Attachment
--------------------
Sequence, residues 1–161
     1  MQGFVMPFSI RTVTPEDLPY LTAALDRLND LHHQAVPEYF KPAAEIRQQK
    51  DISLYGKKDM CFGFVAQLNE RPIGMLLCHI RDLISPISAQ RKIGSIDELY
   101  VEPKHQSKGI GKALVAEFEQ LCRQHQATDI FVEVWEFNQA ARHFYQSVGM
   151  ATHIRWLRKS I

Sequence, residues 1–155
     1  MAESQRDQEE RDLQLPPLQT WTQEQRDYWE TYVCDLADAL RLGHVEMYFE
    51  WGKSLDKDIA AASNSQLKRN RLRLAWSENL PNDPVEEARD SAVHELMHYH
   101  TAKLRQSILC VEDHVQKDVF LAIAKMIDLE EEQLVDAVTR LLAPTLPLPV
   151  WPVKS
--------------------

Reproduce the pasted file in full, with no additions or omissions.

Sequence, residues 1–161
     1  MQGFVMPFSI RTVTPEDLPY LTAALDRLND LHHQAVPEYF KPAAEIRQQK
    51  DISLYGKKDM CFGFVAQLNE RPIGMLLCHI RDLISPISAQ RKIGSIDELY
   101  VEPKHQSKGI GKALVAEFEQ LCRQHQATDI FVEVWEFNQA ARHFYQSVGM
   151  ATHIRWLRKS I

Sequence, residues 1–155
     1  MAESQRDQEE RDLQLPPLQT WTQEQRDYWE TYVCDLADAL RLGHVEMYFE
    51  WGKSLDKDIA AASNSQLKRN RLRLAWSENL PNDPVEEARD SAVHELMHYH
   101  TAKLRQSILC VEDHVQKDVF LAIAKMIDLE EEQLVDAVTR LLAPTLPLPV
   151  WPVKS